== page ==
ARRL Learning Network Webinars
Visit the ARRL Learning Network (a members-only benefit) to register, check on upcoming webinars, and to view previously recorded sessions.
Learning with High-Altitude Balloons — Jack McElroy, KM4ZIA, and Audrey McElroy, KM4BUN / Thursday, July 22, 2021 @ 3:30 PM EDT (1930 UTC)
ARRL members may register for upcoming presentations and view previously recorded Learning Network webinars. ARRL-affiliated radio clubs may also use the recordings as presentations for club meetings, mentoring new and current hams, and discussing amateur radio topics.
Young Caribbean Nation Formalizing Amateur Radio Guidelines and Standards
With a population just north of 71,000, the Caribbean island of Dominica (J7) boasts a modest but active ham radio population. Given Dominica’s vulnerability to hurricanes, the ham radio emphasis often focuses on emergency communications support. In 2017, after Hurricane Maria hit the tiny island, ham radio filled a huge telecommunications gap. Now the country’s telecommunications regulator is asking hams to help formulate new amateur radio guidelines and standards. Dominica’s National Telecommunication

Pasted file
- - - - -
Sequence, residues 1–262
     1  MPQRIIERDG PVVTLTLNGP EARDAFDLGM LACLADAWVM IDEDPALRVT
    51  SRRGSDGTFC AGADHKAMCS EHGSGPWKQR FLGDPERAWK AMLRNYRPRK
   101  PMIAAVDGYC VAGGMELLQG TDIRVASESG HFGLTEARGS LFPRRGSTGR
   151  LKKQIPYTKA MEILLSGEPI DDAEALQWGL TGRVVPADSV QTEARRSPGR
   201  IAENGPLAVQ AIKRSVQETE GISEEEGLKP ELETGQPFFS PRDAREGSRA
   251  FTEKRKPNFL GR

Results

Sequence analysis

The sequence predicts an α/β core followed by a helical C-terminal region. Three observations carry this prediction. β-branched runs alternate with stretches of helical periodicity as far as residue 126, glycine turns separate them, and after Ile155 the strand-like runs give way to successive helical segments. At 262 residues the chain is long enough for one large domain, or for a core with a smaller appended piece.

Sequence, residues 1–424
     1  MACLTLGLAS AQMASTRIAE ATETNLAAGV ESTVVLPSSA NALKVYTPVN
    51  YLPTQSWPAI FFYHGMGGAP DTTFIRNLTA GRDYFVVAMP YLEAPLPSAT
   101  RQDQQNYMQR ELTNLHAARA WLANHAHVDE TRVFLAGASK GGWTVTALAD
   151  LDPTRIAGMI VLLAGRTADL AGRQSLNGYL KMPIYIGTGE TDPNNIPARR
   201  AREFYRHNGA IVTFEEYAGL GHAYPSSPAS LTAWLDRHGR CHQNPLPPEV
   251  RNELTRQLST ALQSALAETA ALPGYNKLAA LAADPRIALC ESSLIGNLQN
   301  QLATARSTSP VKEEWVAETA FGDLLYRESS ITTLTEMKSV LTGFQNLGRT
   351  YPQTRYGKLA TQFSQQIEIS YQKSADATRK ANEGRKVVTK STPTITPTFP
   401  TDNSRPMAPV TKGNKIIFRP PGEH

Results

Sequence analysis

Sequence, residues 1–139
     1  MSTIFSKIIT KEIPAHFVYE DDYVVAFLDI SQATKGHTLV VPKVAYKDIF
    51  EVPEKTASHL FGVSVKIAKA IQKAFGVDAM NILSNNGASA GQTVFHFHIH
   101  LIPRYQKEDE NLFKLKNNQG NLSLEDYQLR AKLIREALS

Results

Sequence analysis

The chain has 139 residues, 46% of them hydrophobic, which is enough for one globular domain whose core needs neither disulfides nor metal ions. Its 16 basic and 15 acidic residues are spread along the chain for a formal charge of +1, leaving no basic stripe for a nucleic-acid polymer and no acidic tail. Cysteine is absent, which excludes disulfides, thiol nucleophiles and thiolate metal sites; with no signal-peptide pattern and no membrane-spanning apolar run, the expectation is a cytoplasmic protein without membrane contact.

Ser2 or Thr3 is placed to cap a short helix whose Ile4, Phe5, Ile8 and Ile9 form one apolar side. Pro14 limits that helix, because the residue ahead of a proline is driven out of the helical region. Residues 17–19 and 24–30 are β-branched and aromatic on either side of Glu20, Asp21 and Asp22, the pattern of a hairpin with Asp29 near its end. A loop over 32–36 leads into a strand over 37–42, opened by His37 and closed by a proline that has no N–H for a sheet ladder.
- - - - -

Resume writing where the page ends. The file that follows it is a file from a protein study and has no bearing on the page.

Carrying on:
“There is limited guidance for those who seek to utilize the telecommunications media for their own personal use, enjoyment, and fulfillment as [a] hobby, as in the case of amateur radio,” the NTRC said in the consultation document. “Generally, [amateur radio] is self-regulating, and so the involvement of the telecommunications regulator is minimized. Though the amateur radio clubs generally do their best to provide some level of guidance and support to existing and prospective operators, there is great need for a formal and comprehensive set of guidelines and standards for the operation of Amateur Radio Services in Dominica.”
Resources used in developing the draft proposals included ARRL, the FCC’s Part 97 amateur radio rules, and the International Telecommunication Union (ITU).
“A primary source for this document was the Code of Federal Regulations (Title 47, Part 97), due to its comprehensiveness and its informal adoption in certain parts by the local amateur radio fraternity,” the NTRC said. Specific ARRL resources included The ARRL FCC Rule Book; The ARRL Operating Manual for Radio Amateurs, and The ARRL Handbook for Radio Communications. The regulators also
looked at Canada’s and Australia’s amateur radio rules. The proposals would provide for three license classes — Novice, General, and Advanced — as well as licensing procedures for each.
The NTRC held a public meeting via Zoom in mid-June to “highlight and clarify important issues” regarding the consultation. NTRC personnel later met with amateur radio club representatives at the NTRC’s office. Under Telecommunications Act No. 8 of 2000 and its associated regulations, the NTRC oversees compliance with all telecommunication rules in Dominica, including amateur radio. The NTRC also manages amateur radio spectrum.